The Vanishing Man eBook

R Austin Freeman
This eBook from the Gutenberg Project consists of approximately 356 pages of information about The Vanishing Man.

I strolled on by her side, speculating a little anxiously on the coming introduction.  Was I being conducted to the lair of one of the savants attached to the establishment? and would he add a superfluous third to our little party of two, so complete and companionable, solus cum sola, in this populated wilderness?  Above all, would he turn out to be a comely young man, and bring my aerial castles tumbling about my ears?  The shy look and the blush with which she had suggested the introduction were ominous indications, upon which I mused gloomily as we ascended the stairs and passed through the wide doorway.  I glanced apprehensively at my companion, and met a quiet, inscrutable smile; and at that moment she halted outside a wall-case and faced me.

“This is my friend,” she said.  “Let me present you to Artemidorus, late of the Fayyum.  Oh, don’t smile!” she pleaded.  “I am quite serious.  Have you never heard of pious Catholics who cherish a devotion to some long-departed saint?  That is my feeling towards Artemidorus, and if you only knew what comfort he has shed into the heart of a lonely woman; what a quiet, unobtrusive friend he has been to me in my solitary, friendless days, always ready with a kindly greeting on his gentle, thoughtful face, you would like him for that alone.  And I want you to like him and to share our silent friendship.  Am I very silly, very sentimental?”

A wave of relief had swept over me, and the mercury of my emotional thermometer, which had shrunk almost into the bulb, leaped up to summer heat.  How charming it was of her and how sweetly intimate, to wish to share this mystical friendship with me!  And what a pretty conceit it was, too, and how like this strange, inscrutable maiden, to come here and hold silent converse with this long-departed Greek.  And the pathos of it all touched me deeply amidst the joy of this newborn intimacy.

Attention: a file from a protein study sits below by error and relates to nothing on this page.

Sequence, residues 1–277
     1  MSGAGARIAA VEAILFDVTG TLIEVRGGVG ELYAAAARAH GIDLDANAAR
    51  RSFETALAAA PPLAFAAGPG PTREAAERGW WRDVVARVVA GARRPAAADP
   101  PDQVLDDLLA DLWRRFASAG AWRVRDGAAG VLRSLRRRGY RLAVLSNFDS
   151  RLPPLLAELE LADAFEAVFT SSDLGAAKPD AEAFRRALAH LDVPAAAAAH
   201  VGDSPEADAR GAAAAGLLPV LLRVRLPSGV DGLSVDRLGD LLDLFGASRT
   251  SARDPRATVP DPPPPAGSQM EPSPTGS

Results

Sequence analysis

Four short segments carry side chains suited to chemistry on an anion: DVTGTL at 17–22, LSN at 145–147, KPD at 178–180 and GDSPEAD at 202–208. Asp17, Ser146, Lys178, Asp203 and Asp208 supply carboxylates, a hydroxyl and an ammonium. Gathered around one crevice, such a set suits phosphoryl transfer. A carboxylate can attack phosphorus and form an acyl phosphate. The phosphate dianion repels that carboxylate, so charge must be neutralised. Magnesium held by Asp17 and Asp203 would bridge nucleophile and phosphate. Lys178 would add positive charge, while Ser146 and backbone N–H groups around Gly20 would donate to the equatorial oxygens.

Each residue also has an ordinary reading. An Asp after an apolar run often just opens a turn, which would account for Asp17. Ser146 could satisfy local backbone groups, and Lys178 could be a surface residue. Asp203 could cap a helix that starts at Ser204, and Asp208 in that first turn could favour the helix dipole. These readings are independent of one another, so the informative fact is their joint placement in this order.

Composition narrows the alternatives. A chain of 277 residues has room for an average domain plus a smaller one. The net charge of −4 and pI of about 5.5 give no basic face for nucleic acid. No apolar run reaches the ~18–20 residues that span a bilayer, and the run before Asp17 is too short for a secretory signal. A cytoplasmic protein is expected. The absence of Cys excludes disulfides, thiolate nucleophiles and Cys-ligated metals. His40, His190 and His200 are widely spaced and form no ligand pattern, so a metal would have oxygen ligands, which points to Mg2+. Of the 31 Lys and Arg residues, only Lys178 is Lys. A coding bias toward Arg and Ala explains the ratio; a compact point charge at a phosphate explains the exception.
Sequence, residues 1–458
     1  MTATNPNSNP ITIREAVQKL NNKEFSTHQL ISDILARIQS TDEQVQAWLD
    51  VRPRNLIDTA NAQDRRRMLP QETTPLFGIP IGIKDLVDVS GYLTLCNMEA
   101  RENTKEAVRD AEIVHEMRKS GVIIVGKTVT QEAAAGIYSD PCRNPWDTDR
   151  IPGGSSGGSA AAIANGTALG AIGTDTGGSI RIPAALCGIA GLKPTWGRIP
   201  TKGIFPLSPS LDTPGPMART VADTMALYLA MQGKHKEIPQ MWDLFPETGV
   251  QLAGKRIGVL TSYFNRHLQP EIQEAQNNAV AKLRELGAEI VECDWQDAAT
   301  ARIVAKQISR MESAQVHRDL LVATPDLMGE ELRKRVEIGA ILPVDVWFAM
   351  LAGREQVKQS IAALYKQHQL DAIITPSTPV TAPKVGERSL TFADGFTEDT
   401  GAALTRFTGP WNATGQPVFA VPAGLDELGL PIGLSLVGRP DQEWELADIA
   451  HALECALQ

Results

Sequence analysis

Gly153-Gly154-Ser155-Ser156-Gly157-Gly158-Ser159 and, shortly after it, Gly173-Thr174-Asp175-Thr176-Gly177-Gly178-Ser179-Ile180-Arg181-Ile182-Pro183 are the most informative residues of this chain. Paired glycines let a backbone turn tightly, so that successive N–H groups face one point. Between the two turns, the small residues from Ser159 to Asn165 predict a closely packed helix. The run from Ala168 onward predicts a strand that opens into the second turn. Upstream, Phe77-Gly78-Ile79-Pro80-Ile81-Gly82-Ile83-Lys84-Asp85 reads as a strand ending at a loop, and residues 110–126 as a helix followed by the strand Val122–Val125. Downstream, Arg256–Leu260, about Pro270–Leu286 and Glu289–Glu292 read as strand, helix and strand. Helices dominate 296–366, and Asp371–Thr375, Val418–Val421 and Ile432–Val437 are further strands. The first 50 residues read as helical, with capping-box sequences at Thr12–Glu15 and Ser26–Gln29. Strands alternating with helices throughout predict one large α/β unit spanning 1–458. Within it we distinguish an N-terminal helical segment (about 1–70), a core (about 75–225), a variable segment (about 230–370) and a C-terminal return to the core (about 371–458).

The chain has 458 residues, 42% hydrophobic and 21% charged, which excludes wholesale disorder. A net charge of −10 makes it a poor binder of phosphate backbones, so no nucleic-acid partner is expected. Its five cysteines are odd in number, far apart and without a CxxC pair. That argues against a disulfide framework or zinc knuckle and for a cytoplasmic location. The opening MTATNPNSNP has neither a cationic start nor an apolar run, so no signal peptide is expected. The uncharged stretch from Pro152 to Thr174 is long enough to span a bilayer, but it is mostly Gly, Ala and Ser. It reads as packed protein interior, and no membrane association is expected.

“Are you scornful?” she asked, with a shade of disappointment, as I made no reply.

“No, indeed I am not,” I answered earnestly.  “I want to make you aware of my sympathy and my appreciation without offending you by seeming to exaggerate, and I don’t know how to express it.”

“Oh, never mind about the expression, so long as you feel it.  I thought you would understand,” and she gave me a smile that made me tingle to my finger-tips.

We stood awhile gazing in silence at the mummy—­for such, indeed, was her friend Artemidorus.  But not an ordinary mummy.  Egyptian in form, it was entirely Greek in feeling; and brightly coloured as it was, in accordance with the racial love of colour, the tasteful refinement with which the decoration of the case was treated made those around look garish and barbaric.  But the most striking feature was a charming panel portrait which occupied the place of the usual mask.  This painting was a revelation to me.  Except that it was executed in tempera instead of oil, it differed in no respect from modern work.  There was nothing archaic or even ancient about it.  With its freedom of handling and its correct rendering of light and shade, it might have been painted yesterday; indeed, enclosed in an ordinary gilt frame, it might have passed without remark in an exhibition of modern portraits.

Project Gutenberg
The Vanishing Man from Project Gutenberg. Public domain.
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